San Francisco

Dan Connally

Gallery Paule Anglim

At a glance, the six medium-size paintings Dan Connally showed here could be taken as luxuriant, though somewhat private, meditations on the pleasures and pressures of 20th-century style. Some consist of cubistic planar grids, reactivated and jumbled so as to suggest seismic distress. Or, where the grid bursts open in glowing shafts and forward clusters of pigment-as-surface-and-edge, what is recalled is that moment in the ’40s when Abstract Expressionism emitted its earliest hybrids, budding bravely out from under the Euro-Modernist mulch.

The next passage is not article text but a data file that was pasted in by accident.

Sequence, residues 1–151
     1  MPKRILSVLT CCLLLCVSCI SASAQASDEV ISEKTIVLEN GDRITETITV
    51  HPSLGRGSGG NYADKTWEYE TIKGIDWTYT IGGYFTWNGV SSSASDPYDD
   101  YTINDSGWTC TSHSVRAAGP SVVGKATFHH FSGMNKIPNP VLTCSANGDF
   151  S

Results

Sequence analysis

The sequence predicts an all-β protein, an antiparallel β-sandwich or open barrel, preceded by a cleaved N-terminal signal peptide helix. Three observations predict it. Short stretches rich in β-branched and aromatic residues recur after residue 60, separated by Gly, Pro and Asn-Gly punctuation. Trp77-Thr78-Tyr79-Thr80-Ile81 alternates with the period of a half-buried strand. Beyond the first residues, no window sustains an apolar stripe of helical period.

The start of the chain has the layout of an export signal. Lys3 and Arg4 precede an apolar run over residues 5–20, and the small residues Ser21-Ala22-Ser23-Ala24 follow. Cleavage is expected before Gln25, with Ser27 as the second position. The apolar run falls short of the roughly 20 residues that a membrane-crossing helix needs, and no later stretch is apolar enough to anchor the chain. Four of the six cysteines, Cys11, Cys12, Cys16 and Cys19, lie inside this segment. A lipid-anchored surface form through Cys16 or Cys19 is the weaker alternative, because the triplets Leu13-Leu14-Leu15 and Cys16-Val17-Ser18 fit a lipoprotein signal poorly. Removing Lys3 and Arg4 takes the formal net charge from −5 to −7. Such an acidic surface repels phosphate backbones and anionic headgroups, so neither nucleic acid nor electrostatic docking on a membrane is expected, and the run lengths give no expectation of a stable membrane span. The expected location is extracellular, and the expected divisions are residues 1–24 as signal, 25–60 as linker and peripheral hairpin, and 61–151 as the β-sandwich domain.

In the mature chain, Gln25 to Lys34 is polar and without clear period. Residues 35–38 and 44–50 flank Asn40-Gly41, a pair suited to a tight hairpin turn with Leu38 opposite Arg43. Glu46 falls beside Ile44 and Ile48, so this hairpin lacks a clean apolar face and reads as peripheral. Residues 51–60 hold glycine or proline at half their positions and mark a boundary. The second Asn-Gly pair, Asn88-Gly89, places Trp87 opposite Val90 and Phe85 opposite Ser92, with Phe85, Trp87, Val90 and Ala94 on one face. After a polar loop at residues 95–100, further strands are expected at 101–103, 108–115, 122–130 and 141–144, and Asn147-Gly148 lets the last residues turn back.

Connally’s pictures project a self-conscious, heterodox incipience. They recapitulate the vibrancy of certain favored moments in art history when a new ripeness was ready to spill over—early Cubism, proto-action painting, and even the unfussed form and color associated with the Sienese quattrocento. Thus, their impetus isn’t private or nostalgic at all.

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